• Things to consider when moving jobs/positions

 

Here are a few sample blog posts

CRM 2013 – Quick Guide to Business Rules

Ask the Hosk – I have passed MB2-703 should I take the equivalent CRM 2011 certification

CRM 2013 Interview Question – What things should you consider when choosing between CRM online or on Premise

Average wages for Dynamics Professionals in CRM 2013 and why you should know them

Hosk’s LinkedIn Blog

Here I post general career advice (networking, interview tips, Microsoft in General).  Below are a selection of LinkedIn blog posts

Don’t be afraid to ask questions

How will Microsoft Social Listening sell?

Are people starting to like Microsoft again?

What is the Microsoft CEO actually saying?

Annoying practices of bad recruitment consultant

Networking will find you your next job

How to make things happen at work

Should you keep up with Microsoft Dynamics CRM release cycle?

I read this article

Microsoft Dynamics CRM Rapid Release Cycle and Why You Should Try To Keep Up

written by CRM MVP Joel Lindstrom and he makes some excellent points. I would summarize as this

  • keeping up with the latest release means less work when another release comes out (e.g. not two or three upgrades at once)
  • The latest patches/rollups will often have performance enhancments and bugs fixed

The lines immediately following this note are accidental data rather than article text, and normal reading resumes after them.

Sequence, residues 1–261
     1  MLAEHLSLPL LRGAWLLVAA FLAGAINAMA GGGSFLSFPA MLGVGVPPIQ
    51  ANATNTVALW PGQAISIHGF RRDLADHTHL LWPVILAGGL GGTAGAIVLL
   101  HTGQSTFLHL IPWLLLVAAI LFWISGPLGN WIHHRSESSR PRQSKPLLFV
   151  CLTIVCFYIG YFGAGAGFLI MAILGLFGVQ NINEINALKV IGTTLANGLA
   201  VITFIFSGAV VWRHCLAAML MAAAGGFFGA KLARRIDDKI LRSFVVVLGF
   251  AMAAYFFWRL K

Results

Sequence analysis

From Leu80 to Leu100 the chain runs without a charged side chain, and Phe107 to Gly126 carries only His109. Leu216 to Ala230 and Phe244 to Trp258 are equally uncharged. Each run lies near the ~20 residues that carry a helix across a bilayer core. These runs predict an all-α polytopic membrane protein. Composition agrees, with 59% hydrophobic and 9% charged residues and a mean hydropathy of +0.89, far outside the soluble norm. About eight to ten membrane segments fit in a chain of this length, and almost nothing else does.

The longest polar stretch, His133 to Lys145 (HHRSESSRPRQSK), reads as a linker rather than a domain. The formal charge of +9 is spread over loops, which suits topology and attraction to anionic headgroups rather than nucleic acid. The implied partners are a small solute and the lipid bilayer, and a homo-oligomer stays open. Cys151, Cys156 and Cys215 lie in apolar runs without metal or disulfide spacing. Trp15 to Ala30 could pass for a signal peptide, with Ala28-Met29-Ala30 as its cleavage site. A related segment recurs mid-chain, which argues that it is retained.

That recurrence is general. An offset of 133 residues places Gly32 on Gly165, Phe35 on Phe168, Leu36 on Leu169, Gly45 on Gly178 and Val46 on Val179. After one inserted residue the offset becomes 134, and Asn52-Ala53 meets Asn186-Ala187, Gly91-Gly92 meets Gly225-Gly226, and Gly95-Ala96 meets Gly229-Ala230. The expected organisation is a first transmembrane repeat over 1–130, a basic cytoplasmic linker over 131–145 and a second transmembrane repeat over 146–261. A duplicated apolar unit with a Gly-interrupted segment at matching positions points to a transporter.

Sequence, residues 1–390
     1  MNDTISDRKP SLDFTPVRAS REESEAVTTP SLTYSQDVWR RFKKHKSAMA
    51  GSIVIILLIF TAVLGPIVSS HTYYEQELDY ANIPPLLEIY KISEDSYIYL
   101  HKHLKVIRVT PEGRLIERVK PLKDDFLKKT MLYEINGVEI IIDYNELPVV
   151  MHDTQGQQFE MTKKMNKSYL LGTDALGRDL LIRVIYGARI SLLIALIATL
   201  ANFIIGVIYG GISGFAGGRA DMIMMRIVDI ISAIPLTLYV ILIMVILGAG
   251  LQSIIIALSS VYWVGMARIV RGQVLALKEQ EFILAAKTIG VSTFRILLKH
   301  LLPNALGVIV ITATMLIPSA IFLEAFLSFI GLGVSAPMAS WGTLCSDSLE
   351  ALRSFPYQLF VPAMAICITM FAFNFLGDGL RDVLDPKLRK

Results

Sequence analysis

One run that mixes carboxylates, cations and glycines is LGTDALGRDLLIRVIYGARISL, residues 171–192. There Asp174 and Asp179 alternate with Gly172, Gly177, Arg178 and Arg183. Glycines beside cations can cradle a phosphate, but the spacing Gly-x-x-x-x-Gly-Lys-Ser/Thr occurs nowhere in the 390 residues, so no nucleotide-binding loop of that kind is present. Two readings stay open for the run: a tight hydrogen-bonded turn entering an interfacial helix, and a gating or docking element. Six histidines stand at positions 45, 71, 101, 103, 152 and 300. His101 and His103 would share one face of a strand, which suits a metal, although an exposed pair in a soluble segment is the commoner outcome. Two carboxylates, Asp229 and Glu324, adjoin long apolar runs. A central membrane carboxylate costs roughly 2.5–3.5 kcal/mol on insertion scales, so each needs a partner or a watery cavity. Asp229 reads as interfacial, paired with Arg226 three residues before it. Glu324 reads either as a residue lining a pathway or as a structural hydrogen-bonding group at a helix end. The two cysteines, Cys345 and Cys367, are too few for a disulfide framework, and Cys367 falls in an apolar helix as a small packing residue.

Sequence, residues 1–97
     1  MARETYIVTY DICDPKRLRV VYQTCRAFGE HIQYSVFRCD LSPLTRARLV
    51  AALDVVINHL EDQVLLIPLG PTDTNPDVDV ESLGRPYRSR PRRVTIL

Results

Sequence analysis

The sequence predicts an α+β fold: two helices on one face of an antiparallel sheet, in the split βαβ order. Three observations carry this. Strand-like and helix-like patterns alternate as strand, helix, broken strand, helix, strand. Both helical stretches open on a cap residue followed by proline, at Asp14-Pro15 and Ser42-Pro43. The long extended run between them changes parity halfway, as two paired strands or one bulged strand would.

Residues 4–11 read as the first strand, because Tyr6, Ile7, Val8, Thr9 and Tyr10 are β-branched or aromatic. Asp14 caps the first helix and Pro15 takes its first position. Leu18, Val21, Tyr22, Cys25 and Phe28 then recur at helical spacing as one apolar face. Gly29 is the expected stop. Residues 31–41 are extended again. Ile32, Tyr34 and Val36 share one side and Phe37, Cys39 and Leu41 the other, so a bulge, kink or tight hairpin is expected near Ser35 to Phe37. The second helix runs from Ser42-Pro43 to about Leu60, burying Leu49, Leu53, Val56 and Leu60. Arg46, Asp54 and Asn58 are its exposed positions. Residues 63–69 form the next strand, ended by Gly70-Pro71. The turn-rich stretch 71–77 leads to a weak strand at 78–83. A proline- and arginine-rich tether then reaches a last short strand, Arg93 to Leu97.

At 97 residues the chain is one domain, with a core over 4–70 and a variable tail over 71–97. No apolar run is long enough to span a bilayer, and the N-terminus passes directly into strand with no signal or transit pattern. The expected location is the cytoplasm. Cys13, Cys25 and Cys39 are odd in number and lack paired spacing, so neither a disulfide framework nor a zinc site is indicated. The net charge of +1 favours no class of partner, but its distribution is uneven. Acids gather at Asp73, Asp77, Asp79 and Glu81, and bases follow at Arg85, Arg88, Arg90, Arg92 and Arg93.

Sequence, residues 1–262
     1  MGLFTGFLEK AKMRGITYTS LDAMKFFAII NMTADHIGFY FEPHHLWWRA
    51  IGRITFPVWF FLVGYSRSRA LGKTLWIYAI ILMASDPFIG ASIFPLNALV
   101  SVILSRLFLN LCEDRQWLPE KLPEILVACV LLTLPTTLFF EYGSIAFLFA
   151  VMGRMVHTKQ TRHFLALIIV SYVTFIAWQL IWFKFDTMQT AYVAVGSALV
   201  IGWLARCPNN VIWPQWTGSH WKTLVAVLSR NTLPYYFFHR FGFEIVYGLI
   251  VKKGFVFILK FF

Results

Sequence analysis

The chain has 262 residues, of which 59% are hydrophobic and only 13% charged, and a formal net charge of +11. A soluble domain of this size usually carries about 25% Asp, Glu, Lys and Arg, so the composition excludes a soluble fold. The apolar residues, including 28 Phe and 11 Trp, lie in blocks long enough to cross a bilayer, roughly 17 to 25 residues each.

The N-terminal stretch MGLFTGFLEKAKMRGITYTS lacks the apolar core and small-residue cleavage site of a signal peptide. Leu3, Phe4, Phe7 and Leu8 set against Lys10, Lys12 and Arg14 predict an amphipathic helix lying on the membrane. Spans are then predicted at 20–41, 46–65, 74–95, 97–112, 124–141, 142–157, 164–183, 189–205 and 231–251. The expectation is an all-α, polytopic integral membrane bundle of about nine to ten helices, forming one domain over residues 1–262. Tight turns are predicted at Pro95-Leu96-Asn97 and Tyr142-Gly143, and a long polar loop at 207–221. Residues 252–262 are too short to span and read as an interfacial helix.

• Microsoft is developing tablet/phone apps rapidly, if you want to use these you need to have the latest version

I enjoy Microsoft is constantly changing/improving because it forces you to stay up to date with what’s happening in CRM and means you are constantly learning new functionality.

Sometimes I do question why Microsoft has made certain choices (CRM 2013 navigation, Autosave) but overall I feel they are improving the Microsoft Dynamics CRM and am happy to support their rapid release cycle

In CRM 2015 they seem to be adding quite a few enhancements raised on the connect site (field security on out of the box fields).  CRM 2015 is completing some of the partial enhancements (business rules)

 

I agree with Joel in some aspects it’s better to keep up with the latest release because the sooner you start using it the sooner it won’t be an issue.  I would add a few counterpoints to Joel’s excellent article.

 

CRM 2011 to CRM 2013 – Code

The jump from CRM 2011 to CRM 2013 is quite major, if you were on a low CRM 2011 patch (e.g. pre rollup 11 and the multi browser code) the customization update is going to be a major piece of work.

A lot of the CRM 2011 projects I worked on were highly customized and the most of the new functionality in CRM 2013 wouldn’t be used.  For this reason I can see little benefit in justifying the cost of upgrading the customization code and then disabling a lot of the new CRM 2013 functionality (quick forms, autosave, layout) just to be on the latest version.

 

CRM 2013 – Training